We got a visit from Jonathan Kalan of the BBC, and took him to Amaf Primary School to show him how they are using eLimu’s apps for KCPE revision, and getting tangible results. Here’s an extract below:
“Our curriculum in Kenya is like a punishment to children, they feel they have to do it because it’s compulsory,” explains Peter Lalo Outa, headmaster at Amaf Primary School, Kawangware. “With these tablets, our students really enjoy learning.”
“We’re using the tablet as a tool through which information, ideas and passions can grow,” says eLimu founder Nivi Mukherjee,
eLimu works with local teachers, partners and developers to design localised, digital content meant to push primary education beyond the typical “chalk and talk” approach common in many classrooms. The start-up wants to show that digital content can be cheaper, better, and more effective at getting kids to learn.
“Contextualising educational content is very important,” says Mukherjee “Content from abroad is not culturally relevant or relatable. We need to create content locally.”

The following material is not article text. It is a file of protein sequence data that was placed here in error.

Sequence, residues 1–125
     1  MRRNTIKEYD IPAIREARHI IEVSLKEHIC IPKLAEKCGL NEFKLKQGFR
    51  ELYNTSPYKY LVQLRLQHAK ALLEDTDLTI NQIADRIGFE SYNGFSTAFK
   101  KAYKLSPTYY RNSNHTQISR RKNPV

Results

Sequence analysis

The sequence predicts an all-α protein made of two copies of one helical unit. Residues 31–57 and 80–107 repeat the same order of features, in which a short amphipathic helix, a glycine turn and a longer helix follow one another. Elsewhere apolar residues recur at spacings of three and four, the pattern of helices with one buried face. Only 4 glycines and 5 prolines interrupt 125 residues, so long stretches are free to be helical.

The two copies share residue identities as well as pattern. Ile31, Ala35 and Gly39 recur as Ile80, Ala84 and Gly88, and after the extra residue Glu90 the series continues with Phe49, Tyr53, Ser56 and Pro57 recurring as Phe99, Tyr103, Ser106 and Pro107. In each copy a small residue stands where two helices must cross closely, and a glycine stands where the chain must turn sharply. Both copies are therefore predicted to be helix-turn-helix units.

Its apps- which include animations, songs, videos, games, music and quizzes, – are specifically designed to supplement Kenya’s national curriculum, which make them easy for teachers to adopt. They also use relevant culturally relevant themes. For example, if a maths lesson is about Pythagoras’ theorem it may incorporate the KICC building- a famous building in downtown Nairobi – as an example. Or, an app may help the child count and subtract using madaazi, a local snack that they are familiar with.
Outa says that the tablets have “allowed students to go beyond teachers, and learn on their own.”
Read the full article on the BBC Future website